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Dubai expats winning the struggle to be taken seriously

It is exasperating that the same tired old stories get re-hashed every year by the western press

Expat businessmen in Dubai Shutterstock/Dusan Petkovic
Expats in Dubai are now 'serious people' and more focused on the job at hand

Dubai doesn’t always get the fairest treatment at the hands of the western press, and I think I know one reason why.

Jealous News Editor Syndrome (JNES) afflicts journalists on certain newspapers in the UK, who often start showing symptoms in the cold, wet, dark months of February and March, when the rain is lashing or the snowstorm howling, and summer sun seems an eternity away.

The news editor – a poor deskbound apparatchik whose job it is to prioritise news and assign reporters to stories – is surfing Facebook or Instagram for some news ideas, and comes across a posting of an expat pool-side brunch in Dubai, all sun-kissed flesh and flashing smiles as the plates groan with food and the glasses seemingly never run dry.

Perhaps he recognises somebody in the posting? A former colleague who escaped the drudgery of London hackery for a life in the sun? 

“I’ll get them,” thinks the narrow-minded hack, who either books himself on a plane for a bit of drive-by revenge journalism, or assigns a reporter to the job of writing a hit-piece on the emirate, centring on allegations that saw the light of day in a slightly different form last February or March. JNES is a seasonal complaint.

I know it exasperates the people who run and regulate media in the UAE that the same tired old stories keep getting re-hashed every year, but what can you do about it? It is personal and vindictive, motivated by a desire to attack the expats by attacking their chosen place of residence.

I was thinking about this the other day when I came across an article by Robert Willock, Mena director of the Economist Corporate Intelligence Network, entitled You are serious people – Reflections of an expat.

This well-articulated piece tells us that maybe, some years ago, there was some truth to the allegation that expats in Dubai were all hedonistic has-beens seeing out their declining years in the sun with a bulging wallet and avoiding the tax man back home.

“This was a fun place to be,” writes Willock, “but – if you had designs on reaching the very top – it was also somewhere you didn’t want on your CV for more than three years lest you were tainted by its reputation.”

He quotes “one Arab CEO” as telling him: “You Brits are the worst thing that ever happened to this place. You send us your worst people, and all you do is drive Jaguars, play golf and do pub quizzes.”

So, while a JNES-suffering journalist would have found a steady stream of targets some years back, this has all changed now.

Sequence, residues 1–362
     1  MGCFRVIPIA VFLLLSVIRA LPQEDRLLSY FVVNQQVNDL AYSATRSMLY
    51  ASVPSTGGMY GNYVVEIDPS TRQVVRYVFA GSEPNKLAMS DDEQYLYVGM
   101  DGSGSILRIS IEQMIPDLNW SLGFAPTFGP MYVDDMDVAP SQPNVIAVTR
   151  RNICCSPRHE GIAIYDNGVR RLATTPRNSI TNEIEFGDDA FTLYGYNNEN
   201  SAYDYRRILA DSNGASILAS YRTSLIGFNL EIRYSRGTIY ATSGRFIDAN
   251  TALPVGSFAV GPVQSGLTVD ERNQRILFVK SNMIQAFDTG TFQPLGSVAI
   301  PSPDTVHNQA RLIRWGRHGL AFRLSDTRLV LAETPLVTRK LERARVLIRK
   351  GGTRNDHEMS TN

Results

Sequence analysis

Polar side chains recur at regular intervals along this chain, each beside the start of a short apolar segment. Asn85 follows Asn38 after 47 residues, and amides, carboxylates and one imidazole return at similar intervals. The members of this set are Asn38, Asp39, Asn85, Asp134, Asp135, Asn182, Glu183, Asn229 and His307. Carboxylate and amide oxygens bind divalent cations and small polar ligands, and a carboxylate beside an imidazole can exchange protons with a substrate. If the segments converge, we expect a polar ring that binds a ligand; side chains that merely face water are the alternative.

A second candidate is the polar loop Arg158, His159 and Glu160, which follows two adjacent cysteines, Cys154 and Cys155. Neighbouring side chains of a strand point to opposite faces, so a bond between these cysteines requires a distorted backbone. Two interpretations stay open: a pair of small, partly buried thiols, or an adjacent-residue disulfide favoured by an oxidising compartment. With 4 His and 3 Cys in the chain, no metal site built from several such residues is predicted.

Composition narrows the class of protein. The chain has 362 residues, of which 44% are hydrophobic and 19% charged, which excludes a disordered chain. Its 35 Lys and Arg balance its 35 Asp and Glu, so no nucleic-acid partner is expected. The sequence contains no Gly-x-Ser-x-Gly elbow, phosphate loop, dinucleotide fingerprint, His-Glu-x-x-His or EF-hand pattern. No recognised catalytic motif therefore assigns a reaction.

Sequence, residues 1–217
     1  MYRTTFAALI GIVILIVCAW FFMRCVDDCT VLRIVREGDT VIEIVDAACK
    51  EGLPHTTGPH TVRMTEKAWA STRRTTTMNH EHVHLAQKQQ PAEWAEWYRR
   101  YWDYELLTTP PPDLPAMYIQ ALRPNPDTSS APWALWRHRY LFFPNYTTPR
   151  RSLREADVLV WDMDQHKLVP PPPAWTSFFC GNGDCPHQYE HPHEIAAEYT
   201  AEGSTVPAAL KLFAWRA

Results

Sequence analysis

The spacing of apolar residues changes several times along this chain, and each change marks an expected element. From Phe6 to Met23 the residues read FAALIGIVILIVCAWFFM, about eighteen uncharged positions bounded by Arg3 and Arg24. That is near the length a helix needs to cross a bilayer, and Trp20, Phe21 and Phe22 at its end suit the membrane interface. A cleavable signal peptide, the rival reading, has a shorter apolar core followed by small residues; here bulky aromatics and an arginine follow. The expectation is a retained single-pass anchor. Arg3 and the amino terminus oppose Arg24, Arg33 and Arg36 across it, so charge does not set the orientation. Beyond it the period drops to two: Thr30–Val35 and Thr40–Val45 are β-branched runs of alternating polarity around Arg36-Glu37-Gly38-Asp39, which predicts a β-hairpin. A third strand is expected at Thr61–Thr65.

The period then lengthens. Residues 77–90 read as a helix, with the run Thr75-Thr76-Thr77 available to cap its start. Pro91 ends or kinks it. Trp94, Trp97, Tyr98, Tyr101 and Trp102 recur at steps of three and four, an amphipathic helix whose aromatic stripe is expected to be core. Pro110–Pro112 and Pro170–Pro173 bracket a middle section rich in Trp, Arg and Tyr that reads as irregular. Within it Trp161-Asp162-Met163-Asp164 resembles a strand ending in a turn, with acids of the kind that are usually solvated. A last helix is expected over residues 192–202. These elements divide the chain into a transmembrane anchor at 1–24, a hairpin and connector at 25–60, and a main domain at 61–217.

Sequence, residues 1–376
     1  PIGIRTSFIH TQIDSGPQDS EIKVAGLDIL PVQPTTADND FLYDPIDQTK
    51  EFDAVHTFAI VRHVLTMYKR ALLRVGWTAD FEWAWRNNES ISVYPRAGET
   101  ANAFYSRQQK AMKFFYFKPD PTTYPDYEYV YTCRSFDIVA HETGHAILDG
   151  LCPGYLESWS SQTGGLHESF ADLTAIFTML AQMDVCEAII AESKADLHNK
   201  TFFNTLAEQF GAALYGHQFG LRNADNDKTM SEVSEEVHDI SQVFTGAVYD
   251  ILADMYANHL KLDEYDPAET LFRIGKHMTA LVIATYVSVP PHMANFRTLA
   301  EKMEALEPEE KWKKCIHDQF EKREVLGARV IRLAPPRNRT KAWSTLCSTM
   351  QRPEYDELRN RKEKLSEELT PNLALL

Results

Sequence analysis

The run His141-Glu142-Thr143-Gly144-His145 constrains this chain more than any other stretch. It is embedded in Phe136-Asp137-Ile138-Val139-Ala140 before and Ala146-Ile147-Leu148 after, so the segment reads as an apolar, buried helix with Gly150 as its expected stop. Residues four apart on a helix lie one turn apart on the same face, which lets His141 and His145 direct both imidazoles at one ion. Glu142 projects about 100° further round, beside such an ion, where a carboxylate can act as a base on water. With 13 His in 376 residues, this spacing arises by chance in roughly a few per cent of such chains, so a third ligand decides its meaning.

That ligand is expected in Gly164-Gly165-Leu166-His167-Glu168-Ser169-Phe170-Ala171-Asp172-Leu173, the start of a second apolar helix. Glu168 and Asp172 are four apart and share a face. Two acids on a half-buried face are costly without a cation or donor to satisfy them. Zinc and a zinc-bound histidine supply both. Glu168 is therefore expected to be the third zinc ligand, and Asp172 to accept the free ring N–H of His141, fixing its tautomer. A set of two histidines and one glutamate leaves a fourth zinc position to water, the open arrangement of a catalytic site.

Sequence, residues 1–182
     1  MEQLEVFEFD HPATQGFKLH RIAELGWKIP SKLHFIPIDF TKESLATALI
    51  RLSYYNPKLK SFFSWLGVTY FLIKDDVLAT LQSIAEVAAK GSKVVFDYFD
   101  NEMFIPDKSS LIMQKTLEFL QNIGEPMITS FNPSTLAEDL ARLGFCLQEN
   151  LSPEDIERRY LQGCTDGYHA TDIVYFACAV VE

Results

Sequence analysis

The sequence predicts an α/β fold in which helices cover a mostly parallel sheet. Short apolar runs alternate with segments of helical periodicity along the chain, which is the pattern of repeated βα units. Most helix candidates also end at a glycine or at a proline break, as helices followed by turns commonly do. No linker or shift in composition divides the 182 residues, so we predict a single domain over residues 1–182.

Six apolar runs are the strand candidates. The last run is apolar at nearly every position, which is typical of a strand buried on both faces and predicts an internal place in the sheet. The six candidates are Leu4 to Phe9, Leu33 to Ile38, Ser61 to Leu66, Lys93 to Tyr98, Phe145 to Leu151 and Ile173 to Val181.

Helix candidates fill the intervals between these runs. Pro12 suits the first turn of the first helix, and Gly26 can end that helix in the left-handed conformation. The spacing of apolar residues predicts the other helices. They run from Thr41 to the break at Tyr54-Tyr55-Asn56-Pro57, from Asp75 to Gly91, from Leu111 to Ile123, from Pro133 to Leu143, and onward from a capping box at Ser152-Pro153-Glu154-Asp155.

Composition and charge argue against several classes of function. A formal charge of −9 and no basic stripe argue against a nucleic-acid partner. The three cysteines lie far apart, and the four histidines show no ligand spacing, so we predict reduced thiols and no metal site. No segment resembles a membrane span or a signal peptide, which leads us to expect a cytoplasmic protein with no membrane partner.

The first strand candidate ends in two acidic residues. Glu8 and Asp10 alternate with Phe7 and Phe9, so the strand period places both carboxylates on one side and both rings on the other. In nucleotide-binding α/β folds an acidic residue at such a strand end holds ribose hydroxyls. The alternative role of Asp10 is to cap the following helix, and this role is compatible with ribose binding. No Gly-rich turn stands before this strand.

In 2023, Willock sees “a richly diverse, multilingual and highly talented cadre of C-suite executives, all with impressive academic and executive educations, serious ambitions and big ideas”.

With the economic boom of the post-Covid recovery, people based in Dubai will be hub to an executive class that can serve the Middle East and North Africa, huge swathes of Central and Southern Asia, and large parts of sub-Saharan Africa too.

Expat executives are suddenly “serious people” (a phrase taken from the Logan Roy character in the hit TV series Succession) and therefore far less likely to trigger the jealousies of the poor JNES-suffering hack in London.

I agree broadly with that account of the past couple of decades in the UAE. Expats are now far more focused on the job, and regard Dubai not as a hardship posting at all, but rather a lifestyle destination.

I think it began to change around about the time of the global financial crisis, which hit Dubai hard, before it called for and got assistance from its brothers in Abu Dhabi.

After that scare, the emirate seemed to knuckle down to the economic job at hand, perhaps in the desire to prevent such a thing happening again.

I remember a cute headline of the time, also in the Economist, after Dubai had announced a “standstill” on debt repayments – effectively a default: “Standing still, but still standing.” Fourteen years later, Dubai is not just still standing, but jumping.

Meanwhile, the JNES sufferer back in London can watch his schools falling apart, his local authorities bankrupt, his hospitals in crisis, and his airports vulnerable to the merest glitch – and wonder when to get on the plane to Dubai in order to be taken seriously again.

Frank Kane is Editor-at-Large of AGBI and an award-winning business journalist. He also acts as a consultant to the Ministry of Energy of Saudi Arabia

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